ARISS Schoolcontact met Olomouc, Moravia in Tsjechie op dinsdag 8 maart om 8:22 UTC

Voor dinsdag 8 maart is een ARISS schoolstation verbinding met ISS gepland om 9:22 lokale tijd. Deze verbinding is de eerste verbinding met de Tsjechische republiek ooit. De verbinding duurt naar verwachting 9 minuten en is in een groot deel van Europa te beluisteren op 145,800 MHz. Denk wel aan de dopplercorrectie.

Het is een rechtstreeks contact tussen de school met de call OK2KYJ en Tim Peake die de algemene ISS call OR4ISS gebruikt. OK2KYJ is de gemeenschappelijke call van de radioclub van studenten van drie middelbare scholen in Olomouc. (www.ok2kyj.cz) Er zijn diverse websites die de voorbereidingen en fotoseries voor dit contact weergeven.

Als onderdeel van dit contact zijn diverse nationale wetenschappers en astronomen uitgenodigd om vooraf presentaties te geven om studenten enthousiast te maken voor zowel ruimtevaart techniek als communicatie techniek.

Er is ook een live video stream gepland die mogelijk al enige tijd voor het contact met ISS begint.

Naast dit alles is er tegenwoordig ook een redelijke kans dat de DATV zender ook weer ingeschakeld wordt door Tim Peake.

Die beelden zijn dan te volgen op  http://www.batc.tv/iss/

Voor meer info zijn er links naar de drie scholen.

http://exfyz.upol.cz/didaktika/iss/
http://exfyz.upol.cz/didaktika/iss/foto/upcrowd/index.html
http://exfyz.upol.cz/didaktika/iss/foto/skoly/index.html

De vragen die gesteld worden zijn:

1. Alzbeta (18): What is it like eating in zero gravity?
2. Frantisek(19): How can you relax on the ISS? Do you have time to watch movies?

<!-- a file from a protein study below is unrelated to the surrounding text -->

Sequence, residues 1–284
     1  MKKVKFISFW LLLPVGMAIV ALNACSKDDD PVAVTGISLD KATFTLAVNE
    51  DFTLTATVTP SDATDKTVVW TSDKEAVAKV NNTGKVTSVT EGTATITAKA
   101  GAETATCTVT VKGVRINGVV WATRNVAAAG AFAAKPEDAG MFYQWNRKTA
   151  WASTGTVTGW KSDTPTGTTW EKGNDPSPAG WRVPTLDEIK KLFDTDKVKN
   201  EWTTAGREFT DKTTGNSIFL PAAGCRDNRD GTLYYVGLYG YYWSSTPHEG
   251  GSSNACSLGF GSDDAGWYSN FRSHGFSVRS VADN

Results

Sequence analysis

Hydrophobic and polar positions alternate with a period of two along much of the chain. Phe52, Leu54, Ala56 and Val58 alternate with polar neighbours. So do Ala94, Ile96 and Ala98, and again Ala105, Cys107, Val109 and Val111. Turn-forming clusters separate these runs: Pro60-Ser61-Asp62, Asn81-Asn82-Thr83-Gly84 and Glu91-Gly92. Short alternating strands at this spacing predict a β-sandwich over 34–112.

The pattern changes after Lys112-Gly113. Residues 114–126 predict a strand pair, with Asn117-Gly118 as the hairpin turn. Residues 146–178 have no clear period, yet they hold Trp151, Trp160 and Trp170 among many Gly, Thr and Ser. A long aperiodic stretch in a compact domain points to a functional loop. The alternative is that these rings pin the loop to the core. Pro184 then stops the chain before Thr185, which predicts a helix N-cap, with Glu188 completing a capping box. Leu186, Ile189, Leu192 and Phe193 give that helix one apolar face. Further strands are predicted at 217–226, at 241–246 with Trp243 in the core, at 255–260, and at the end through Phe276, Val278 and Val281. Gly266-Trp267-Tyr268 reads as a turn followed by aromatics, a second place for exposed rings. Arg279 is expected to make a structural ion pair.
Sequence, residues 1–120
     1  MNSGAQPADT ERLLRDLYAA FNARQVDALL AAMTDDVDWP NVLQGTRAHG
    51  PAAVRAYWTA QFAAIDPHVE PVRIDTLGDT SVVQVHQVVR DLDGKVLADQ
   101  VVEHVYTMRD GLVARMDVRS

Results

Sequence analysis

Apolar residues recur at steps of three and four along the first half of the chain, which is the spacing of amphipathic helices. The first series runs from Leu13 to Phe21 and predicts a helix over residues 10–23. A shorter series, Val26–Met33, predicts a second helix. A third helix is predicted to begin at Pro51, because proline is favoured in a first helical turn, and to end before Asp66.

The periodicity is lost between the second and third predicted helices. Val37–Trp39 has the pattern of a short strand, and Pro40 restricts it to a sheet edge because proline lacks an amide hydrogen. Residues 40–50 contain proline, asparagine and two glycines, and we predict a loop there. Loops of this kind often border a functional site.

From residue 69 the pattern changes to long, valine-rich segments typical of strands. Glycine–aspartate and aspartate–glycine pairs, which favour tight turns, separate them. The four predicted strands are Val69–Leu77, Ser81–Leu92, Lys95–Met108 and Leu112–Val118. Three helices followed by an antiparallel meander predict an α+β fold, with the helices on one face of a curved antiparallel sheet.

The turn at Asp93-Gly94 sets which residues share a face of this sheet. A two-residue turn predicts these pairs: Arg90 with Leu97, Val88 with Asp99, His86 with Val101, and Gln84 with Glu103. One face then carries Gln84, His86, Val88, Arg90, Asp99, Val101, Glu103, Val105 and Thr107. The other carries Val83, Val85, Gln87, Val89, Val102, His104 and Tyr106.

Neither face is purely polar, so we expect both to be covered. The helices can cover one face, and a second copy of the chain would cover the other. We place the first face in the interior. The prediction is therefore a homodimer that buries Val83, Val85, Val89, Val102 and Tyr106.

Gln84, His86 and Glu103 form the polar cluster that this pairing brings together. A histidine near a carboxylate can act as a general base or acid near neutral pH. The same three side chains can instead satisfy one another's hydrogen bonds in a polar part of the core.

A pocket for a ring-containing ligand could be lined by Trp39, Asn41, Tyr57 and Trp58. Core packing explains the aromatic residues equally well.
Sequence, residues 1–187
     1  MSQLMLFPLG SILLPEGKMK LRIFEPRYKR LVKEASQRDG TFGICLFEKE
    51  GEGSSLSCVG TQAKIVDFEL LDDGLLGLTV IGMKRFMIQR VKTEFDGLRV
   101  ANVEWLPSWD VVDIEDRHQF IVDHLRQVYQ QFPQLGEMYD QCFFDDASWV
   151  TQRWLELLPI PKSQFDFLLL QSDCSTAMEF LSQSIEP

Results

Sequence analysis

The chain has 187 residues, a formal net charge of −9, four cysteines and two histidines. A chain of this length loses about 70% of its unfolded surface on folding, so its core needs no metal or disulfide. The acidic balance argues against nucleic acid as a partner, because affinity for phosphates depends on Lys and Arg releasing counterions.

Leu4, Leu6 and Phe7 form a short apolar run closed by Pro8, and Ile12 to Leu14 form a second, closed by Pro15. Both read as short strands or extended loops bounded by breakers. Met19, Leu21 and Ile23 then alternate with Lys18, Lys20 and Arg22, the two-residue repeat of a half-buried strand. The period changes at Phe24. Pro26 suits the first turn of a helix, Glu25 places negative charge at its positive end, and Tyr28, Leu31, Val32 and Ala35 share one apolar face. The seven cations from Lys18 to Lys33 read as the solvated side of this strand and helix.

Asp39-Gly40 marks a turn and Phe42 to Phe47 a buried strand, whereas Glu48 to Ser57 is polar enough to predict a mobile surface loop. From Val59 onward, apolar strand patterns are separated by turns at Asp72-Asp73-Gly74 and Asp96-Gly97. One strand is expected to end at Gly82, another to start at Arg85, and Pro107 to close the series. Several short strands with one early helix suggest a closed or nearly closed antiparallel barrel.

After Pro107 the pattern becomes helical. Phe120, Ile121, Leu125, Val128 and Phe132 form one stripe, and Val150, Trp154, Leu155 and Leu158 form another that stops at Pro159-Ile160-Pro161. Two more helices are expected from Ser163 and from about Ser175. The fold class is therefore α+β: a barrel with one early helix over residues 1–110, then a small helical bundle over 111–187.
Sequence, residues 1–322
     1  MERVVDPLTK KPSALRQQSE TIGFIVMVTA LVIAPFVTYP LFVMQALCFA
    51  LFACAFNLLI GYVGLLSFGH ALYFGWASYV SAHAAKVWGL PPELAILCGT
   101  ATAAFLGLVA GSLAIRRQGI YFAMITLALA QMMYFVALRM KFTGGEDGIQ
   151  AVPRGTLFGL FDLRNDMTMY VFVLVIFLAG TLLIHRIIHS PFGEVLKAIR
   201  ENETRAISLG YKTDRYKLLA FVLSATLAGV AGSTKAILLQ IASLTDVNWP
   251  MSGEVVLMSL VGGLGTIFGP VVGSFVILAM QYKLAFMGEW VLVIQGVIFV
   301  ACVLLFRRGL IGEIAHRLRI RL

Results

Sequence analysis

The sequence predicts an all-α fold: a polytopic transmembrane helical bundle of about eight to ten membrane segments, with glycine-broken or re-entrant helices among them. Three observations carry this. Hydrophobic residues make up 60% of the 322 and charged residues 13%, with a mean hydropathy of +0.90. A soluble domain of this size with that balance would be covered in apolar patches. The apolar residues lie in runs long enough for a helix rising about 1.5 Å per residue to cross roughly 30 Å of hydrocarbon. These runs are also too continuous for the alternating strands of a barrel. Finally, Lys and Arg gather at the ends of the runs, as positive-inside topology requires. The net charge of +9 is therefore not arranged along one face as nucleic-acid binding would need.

3. Vojtech (19): Is the day/night cycle the same as on Earth? Are you on shifts?
4. Barbora (18): What was the most difficult or strangest thing to get used to on the ISS?
5. Monika (18): Does your stay in space have any influence on your health and if so, how?
6. Robin (17): What do you miss most from gravity on Earth?
7. Anna-Marie (18): How do you deal with the isolation from your family?
8. Linda (19): Is it possible to catch a cold on the ISS or is it a completely sterile environment?
9. Tomas (18): Can you use a 3D printer in the same way as on Earth?
10. Alzbeta (18): How do you overcome weightlessness when back on Earth?
11. Frantisek (19): Does time pass slower or faster in your daily routine aboard the ISS compared to life on Earth?
12. Vojtech (19): Do you access the Internet in the same fashion as on Earth?
13. Barbora (18): Do you have any musical instruments on the ISS?
14. Monika (18): Are you planning a stay of a small pet aboard the ISS?
15. Robin (17): Are there any special items that you carry with you all the time?
16. Anna-Marie (18): What do you think is the biggest problem for humans to go beyond low earth orbit?
17. Linda (19): How are you being filmed during a spacewalk?
18. Tomas (18): Is it possible to compare life on ISS to somewhere on Earth?